Here Comes The Weekend Again
Itís good to see John Carney give props to The Carpenters again. The first LP I can remember owning was a Carpenters album. Now And Then was a birthday present that I picked out of the racks in the local Woolworths. I would have been maybe nine or ten years old, and I really wanted it because of the Ferrari on the sleeve. When you are nine or ten these things matter.

Iím not sure that owning a Carpenters album when you are nine or ten is such a great idea, but then again, why not? Iíd be lying though if I said that Now And Then made a huge impact on my life, and Iíd be lying too if I said that album is safely stowed in my record boxes in the corner of the attic. Instead it languishes in my parentís house, although I do look forward to being reunited with the CD reissue that even as I type is winging its way to me courtesy of those fine people at Amazon.

Since weíre on the subject of the Carpenters, I need to draw your attention to the exquisite The Last Word collection by Chuck and Mary Perrin. Another sublime brother and sister act, Chuck and Mary made a couple of albums for their own Last Word label at the tail end of the Ď60s, and it's these two albums that make up this Rev-Ola collection that is guaranteed to blow your mind. The first album. Brother and Sister, is a glorious folk record with a hefty helping of delicious covers rubbing shoulders with original Perrin compositions. Of the covers, itís inevitably their peach of a version of John Sebastianís ĎA Younger Generationí that catches my attention, and do you know, Iím almost tempted to say I prefer this to the original Loviní Spoonful recording and thatís saying a hell of a lot. And how can you resist their take on Donovanís ĎCircus of Sourí or the very beautiful ĎViolets of Dawní?

The Next of Kin album that follows has more Perrin originals and a full band and is a masterful example of soft pop-folk that holds too many treasures to name. Ardent connection spotters can trace a direct line from Chuck and Mary to Nirvana (and yes I do mean the ones of the teen spirit and not the ones who did French TV with Salvador Dali) through Next Of Kin, but most will be content to recognise that really Chuck and Mary were making records that presaged the whole singer/songwriter trend of the early í70s. Thereís even a delightful William Carlos Williams poem in there. Oh, and should you need recommendation from sources higher then me, bear this in mind: Karen Carpenter herself was a fan, and wrote them saying that if they had more control over their careers then they would surely cover one the Perrinís songs. Chuck rightly cherishes that letter to this day. Well, who wouldnít?

Naturally Iíve been digging a lot of other Rev-Ola releases recently too, although none reach the heights of the Chuck and Mary collection. Liz Damonís Orient Express comes closest, being a great example of that laid back Ďloungeí style that was in vogue in the early Ď70s and that made a comeback in the second half of the Ď90s. Is it still in vogue anywhere? With the way culture is so fragmented these days it probably is, and thatís only got to be good news if it means records like this can find a slot on the record store shelves. Not that Iíve ever seen this or other Rev-Ola delights on the record store shelves in Exeter, but you know what I mean.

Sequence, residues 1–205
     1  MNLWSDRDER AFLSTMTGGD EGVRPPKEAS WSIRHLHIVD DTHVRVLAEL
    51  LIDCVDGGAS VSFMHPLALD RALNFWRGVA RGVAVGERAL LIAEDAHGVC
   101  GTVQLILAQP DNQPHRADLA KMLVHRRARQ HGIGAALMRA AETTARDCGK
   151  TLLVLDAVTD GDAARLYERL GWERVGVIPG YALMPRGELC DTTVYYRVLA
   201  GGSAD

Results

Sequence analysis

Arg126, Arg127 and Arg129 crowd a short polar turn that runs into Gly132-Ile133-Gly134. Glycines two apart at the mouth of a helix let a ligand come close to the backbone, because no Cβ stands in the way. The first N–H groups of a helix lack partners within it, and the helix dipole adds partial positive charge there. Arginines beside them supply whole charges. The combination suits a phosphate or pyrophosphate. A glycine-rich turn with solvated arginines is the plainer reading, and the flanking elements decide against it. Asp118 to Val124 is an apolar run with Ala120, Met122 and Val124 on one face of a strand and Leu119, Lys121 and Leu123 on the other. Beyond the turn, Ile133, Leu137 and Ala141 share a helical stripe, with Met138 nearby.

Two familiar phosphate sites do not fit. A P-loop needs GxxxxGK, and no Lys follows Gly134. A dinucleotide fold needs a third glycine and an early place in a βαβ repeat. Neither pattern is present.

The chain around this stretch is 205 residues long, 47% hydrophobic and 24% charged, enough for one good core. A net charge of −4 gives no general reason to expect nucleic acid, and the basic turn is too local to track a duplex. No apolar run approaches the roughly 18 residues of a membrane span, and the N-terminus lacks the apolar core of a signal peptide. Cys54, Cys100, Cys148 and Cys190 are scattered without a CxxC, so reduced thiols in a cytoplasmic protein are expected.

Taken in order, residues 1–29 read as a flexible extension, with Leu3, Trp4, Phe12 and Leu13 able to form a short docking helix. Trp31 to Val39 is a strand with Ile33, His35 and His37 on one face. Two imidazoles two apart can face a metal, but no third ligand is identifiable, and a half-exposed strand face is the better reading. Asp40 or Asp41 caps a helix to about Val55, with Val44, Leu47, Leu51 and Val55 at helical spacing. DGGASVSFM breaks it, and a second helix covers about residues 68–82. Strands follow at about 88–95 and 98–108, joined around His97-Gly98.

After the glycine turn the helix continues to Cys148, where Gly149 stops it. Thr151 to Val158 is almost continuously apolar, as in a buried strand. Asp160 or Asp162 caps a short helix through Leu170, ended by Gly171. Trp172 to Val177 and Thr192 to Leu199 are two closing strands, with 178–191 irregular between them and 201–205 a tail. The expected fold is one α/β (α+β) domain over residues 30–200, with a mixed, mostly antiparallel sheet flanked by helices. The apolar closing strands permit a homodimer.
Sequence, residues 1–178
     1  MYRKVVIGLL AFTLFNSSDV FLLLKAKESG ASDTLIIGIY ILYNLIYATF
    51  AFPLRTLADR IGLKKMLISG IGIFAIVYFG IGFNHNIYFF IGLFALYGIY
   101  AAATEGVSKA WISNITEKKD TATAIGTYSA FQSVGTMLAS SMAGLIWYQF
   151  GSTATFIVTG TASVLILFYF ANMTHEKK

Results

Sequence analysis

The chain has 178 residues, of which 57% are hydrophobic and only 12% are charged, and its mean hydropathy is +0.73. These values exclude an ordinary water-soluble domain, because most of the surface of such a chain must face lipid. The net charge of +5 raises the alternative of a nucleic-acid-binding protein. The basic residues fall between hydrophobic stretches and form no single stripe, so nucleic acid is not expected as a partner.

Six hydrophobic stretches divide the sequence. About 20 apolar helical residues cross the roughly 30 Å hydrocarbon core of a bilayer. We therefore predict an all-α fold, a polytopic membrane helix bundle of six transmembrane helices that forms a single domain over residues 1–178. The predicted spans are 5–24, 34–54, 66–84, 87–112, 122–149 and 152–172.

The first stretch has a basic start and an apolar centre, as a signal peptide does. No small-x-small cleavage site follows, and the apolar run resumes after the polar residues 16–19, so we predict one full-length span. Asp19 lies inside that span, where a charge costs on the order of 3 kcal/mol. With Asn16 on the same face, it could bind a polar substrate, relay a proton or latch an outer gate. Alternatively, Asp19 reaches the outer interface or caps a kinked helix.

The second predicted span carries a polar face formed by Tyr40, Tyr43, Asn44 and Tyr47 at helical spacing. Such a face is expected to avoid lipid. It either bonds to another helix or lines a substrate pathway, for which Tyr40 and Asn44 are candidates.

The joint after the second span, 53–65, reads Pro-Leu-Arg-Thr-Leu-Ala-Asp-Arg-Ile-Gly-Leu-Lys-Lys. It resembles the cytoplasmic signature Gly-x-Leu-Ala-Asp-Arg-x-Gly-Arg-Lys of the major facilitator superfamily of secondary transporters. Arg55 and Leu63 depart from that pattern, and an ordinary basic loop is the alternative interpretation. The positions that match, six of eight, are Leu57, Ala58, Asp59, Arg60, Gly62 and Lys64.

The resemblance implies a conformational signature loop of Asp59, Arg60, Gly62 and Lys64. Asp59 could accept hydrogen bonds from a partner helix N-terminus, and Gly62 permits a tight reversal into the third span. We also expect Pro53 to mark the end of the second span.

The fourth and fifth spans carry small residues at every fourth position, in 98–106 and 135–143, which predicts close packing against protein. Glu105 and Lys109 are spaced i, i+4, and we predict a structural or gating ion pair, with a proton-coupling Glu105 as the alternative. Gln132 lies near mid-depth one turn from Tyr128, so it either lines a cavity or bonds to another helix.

Nearly as sunny as the Liz Damonís Orient Express album is their White Whale Records label mates Triste Janero. Meet Triste Janero conjures images of Brazilian tinged soft pop, although there were actually no band members of Latin origin. Not that it matters, of course. Playing this now helps me forget the cold, makes me remember that maybe Spring isnít too far away after all.

Doing a similar job is Intercourse by The Tokens. Amazingly, given the Tokensí track record (massive number one with ĎThe Lion Sleeps Tonightí in 1961, nine more top 100 singles in the following seven or eight years, producers of the Chiffons and Tony Orlando and Dawn, not to mention the fact that Neil Sedaka started out in the TokensÖ) only about 200 copies of this album were pressed in 1969. Guaranteed mythic status as a result, the Rev-ola crew have managed to finally salvage it for a full CD release. Given itís time of recording, itís natural that Intercourse is suffused with a West Coast feel that recalls Pet Sounds Beach Boys (important to recall too that it was doo-wop groups like The Tokens who so inspired the Wilson clan in the first place). Mitch Margo said that he wanted to make Intercourse an Ďaudio antidepressantí and in that he certainly succeeded. With the winter spreading its fingers so far into the year, itís just what we need.

So Rev-Ola continues to delight, maintains its impressive output of magical time capsules of intriguing and overlooked glories of Pop wonder. And I havenít even mentioned the releases by Twin Engine, The Everpresent Fullness and Hearts and Flowers that have also been spinning around my head of late. And with the Jasmine Minks collection due at the end of March in what will no doubt be another burst of Rev-Ola activity, my bank manager had better watch out again.

© 2004Alistair Fitchett

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